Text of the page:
Our Work

We have an action research approach: advances are made through practical trials, and here you can see each of them.

The Foundation exists with a goal of finding improvements to how we make trusted public decisions - democratic decisions – which represent the informed general will of the people. To do so, we seek to run practical projects in controversial areas of low public trust and where genuine public discourse is impossible as the topic generates immediate opinions and likely is an ‘electoral tripwire’. The opportunity to test a process on the topic of the Nuclear Fuel Cycle is a near perfect test environment for this.

At the core of this project is the idea that there is a tradeoff worth exploring, and that it is worthwhile seeking to find public judgment rather than responding to public opinion.

We ask people to note that the policy area is one where there is no “right” answer, merely one that people can live with. Equally, we suggest it is an area where all courses of action draw criticism: decide not to explore the opportunity and one is a slave to opinion polls and protesters; decide to explore it and one is not listening to the community and is slave to donor and industry interests. As such, the opportunity exists to see whether a methodology giving a significant role to randomly selected everyday people can lead to a more trusted public decision.


The Engagement Strategy takes a position that two problems exist with any potential engagement:

  1. Nobody reads Royal Commission reports.
  2. Most people think that engagement feedback being assessed within government is done by those who already have an answer fairly firmly in mind.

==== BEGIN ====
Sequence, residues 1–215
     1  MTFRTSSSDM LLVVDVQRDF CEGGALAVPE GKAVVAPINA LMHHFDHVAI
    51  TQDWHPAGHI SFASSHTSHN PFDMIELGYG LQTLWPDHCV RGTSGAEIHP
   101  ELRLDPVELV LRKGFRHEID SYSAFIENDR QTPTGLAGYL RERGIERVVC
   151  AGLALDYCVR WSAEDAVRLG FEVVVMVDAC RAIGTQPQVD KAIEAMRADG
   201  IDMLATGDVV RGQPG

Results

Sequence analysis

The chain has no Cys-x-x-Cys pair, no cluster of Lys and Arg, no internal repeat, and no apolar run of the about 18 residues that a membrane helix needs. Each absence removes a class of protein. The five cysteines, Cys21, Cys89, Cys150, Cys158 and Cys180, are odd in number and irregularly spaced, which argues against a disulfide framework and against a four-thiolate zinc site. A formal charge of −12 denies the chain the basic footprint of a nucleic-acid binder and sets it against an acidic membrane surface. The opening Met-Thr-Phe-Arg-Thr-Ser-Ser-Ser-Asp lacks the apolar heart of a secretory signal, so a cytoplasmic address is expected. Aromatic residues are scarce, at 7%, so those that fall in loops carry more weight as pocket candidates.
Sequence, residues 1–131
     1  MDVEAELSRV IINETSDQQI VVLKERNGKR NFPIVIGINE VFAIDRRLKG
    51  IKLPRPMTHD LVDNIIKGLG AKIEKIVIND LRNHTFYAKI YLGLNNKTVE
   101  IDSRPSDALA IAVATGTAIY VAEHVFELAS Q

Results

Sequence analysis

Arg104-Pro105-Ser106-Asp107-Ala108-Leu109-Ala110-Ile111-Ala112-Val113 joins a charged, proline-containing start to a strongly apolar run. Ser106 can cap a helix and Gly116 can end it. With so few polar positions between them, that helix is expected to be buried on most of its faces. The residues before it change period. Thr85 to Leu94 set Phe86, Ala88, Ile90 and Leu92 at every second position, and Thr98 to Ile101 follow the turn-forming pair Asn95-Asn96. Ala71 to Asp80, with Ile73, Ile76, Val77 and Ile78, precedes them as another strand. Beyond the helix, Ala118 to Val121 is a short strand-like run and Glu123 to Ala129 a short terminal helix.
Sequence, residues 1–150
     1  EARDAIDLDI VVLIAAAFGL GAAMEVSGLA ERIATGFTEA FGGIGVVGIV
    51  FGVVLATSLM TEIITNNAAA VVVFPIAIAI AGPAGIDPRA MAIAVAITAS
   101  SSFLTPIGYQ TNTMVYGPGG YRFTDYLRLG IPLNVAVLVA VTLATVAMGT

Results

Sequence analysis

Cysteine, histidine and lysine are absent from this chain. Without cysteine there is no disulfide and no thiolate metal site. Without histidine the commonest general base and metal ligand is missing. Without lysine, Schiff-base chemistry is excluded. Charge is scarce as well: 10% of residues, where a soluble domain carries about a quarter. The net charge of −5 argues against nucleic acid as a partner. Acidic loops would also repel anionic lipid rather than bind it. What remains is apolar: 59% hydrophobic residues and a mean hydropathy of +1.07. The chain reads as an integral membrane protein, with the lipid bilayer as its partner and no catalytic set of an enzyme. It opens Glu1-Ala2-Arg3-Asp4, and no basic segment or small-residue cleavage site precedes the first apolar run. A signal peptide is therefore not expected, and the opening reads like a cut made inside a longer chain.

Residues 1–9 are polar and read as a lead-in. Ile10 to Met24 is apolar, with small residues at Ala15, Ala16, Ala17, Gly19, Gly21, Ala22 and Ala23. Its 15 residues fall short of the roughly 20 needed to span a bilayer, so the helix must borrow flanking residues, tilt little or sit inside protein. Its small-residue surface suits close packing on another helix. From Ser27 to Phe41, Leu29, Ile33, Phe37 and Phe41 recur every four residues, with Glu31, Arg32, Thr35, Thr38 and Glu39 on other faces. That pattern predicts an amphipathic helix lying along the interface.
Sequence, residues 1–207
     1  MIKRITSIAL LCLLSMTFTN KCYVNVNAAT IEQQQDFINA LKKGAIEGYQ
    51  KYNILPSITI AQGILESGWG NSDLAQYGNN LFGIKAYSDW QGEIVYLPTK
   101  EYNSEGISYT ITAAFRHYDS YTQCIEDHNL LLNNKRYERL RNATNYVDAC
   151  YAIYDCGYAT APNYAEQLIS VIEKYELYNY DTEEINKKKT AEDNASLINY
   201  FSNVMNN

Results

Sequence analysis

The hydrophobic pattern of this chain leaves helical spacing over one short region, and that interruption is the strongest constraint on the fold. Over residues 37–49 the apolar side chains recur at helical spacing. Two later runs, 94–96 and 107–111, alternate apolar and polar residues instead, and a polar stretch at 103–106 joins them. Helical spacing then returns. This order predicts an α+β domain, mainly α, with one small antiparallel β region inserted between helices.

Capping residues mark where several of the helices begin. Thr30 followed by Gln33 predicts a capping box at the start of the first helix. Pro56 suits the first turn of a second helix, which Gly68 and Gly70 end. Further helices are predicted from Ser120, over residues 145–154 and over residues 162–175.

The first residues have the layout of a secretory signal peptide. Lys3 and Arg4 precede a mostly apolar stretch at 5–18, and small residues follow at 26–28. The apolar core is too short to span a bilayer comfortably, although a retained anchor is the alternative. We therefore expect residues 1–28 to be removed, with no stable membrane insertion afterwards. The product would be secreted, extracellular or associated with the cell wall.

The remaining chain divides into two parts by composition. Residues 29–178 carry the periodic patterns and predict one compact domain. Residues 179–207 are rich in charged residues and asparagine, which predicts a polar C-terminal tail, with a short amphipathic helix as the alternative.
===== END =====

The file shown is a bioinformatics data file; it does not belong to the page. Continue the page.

To counter this, the first jury of 50 randomly selected people is there to set the agenda and identify the most important parts of the Royal Commission everyone in South Australia should consider. They will essentially call out a few pages of ‘cheat notes’ to create a much more accessible way for people to begin to explore a 318 page report. Critically, were a summary guide to be produced by government, the business sector or environmental groups most people would feel they might be being “sold something” by people with an agenda. A diverse random group gets us beyond that.

Looking at the second challenge, we will assemble a second jury process of 350 who will use the Royal Commission report and draw on all the feedback received from the wider community engagement to make a recommendation to the Government as to whether they want to see the state continue to pursue opportunities related to the Nuclear Fuel Cycle. A key benefit is that a random jury have greater freedom to synthesise and assess the relative merits of particularly pieces of feedback rather than be a slave to raw numbers or simplistic form letter campaigns.

Our goal for success is singular: does the wider public look back and think “That was fair enough. Whether or not I agree with the decision the process was open and my voice was heard.”

The first stage of the project will run from May through November 2016, and results in a gateway decision as to whether or not there is broad social consent to continue to pursue opportunities related to the Nuclear Fuel Cycle.

Further Information


In the Media


Video Gallery

The Citizens' Jury in the News



Citizens' Jury Livestream Clip: Premier's Speech and Q&A. (Source: YourSAy Nuclear YouTube)

Move videos from this Jury can be found HERE.